Jump to ContentJump to Main Navigation
A Legal History of MississippiRace, Class, and the Struggle for Opportunity$
Users without a subscription are not able to see the full content.

Joseph A. Ranney

Print publication date: 2019

Print ISBN-13: 9781496822574

Published to University Press of Mississippi: January 2020

DOI: 10.14325/mississippi/9781496822574.001.0001

Show Summary Details
Page of

PRINTED FROM Mississippi SCHOLARSHIP ONLINE (www.mississippi.universitypressscholarship.com). (c) Copyright University Press of Mississippi, 2020. All Rights Reserved. An individual user may print out a PDF of a single chapter of a monograph in MSSO for personal use.date: 05 August 2020

Moving Past the Crossroads: Law and Mississippi’s Modern Age

Moving Past the Crossroads: Law and Mississippi’s Modern Age

Chapter:
(p.131) Chapter Six Moving Past the Crossroads: Law and Mississippi’s Modern Age
Source:
A Legal History of Mississippi
Author(s):

Joseph A. Ranney

Publisher:
University Press of Mississippi
DOI:10.14325/mississippi/9781496822574.003.0007

Mississippi’s post-World War II legal history consists of two major struggles. The first was the long legal battle between Mississippi lawmakers and federal appellate courts that accompanied the political battle to end segregation (1950-70). The end of legal segregation and voting restrictions empowered black Mississippians and created a new, three-cornered political balance between blacks, white moderates and conservatives. The rise after 1960 of “expressive individualism,” a philosophy that valued individual autonomy over shared public values, triggered the second struggle. The battle between individualists and traditionalists has been fought on many fronts in Mississippi including rights of female and gay Mississippians, abortion rights and debates over the extent to which government may support private schools. Mississippi has mostly sided with traditionalists but has not been a leader on either side.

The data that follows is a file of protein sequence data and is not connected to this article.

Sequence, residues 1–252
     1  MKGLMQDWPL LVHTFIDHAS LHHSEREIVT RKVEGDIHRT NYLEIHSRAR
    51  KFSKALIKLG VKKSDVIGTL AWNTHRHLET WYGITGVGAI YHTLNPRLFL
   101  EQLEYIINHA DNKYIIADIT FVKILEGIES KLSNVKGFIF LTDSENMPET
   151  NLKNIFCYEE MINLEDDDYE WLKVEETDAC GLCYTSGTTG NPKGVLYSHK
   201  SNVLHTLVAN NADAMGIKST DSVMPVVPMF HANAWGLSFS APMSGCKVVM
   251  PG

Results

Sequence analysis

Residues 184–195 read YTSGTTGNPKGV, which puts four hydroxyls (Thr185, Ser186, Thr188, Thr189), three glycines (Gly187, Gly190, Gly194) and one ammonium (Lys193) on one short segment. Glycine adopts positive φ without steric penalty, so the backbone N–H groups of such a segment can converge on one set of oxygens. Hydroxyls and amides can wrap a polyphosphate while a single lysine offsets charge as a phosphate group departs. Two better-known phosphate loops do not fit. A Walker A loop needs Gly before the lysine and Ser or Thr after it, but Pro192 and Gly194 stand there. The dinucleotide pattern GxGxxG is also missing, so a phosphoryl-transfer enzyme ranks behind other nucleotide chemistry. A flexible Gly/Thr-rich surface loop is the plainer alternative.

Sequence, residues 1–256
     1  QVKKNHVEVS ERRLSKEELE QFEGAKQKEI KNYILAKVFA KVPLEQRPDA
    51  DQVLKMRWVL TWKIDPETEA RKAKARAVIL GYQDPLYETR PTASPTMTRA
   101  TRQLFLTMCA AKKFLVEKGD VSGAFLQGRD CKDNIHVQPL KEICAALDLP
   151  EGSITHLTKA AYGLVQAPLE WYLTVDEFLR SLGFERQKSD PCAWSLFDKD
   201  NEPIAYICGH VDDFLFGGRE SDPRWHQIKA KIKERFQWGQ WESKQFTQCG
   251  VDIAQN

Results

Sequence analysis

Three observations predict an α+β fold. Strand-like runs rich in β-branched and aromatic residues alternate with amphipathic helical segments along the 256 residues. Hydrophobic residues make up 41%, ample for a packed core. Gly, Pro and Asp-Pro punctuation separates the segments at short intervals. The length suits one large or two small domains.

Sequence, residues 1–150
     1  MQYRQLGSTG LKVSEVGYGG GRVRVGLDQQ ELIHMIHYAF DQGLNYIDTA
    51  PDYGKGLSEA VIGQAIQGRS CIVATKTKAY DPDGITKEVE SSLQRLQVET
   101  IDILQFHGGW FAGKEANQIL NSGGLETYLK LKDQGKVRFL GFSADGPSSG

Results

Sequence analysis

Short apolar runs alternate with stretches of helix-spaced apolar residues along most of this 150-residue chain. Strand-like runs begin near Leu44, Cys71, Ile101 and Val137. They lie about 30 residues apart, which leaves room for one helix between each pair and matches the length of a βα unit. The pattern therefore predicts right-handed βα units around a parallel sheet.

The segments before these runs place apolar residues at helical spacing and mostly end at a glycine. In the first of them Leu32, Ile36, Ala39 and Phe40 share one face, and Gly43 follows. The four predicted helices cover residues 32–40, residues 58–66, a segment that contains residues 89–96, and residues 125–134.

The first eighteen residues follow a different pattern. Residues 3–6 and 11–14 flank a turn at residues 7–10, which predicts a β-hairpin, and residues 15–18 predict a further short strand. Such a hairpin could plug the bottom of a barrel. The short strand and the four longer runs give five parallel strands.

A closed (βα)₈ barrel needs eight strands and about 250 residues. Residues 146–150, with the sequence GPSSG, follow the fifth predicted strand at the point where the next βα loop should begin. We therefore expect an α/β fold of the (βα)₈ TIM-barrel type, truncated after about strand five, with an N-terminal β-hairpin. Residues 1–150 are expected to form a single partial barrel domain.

Keywords:   Mississippi, Segregation, Voting rights, Gay rights, Abortion

University Press of Mississippi requires a subscription or purchase to access the full text of books within the service. Public users can however freely search the site and view the abstracts and keywords for each book and chapter.

Please, subscribe or login to access full text content.

If you think you should have access to this title, please contact your librarian.

To troubleshoot, please check our FAQs , and if you can't find the answer there, please contact us.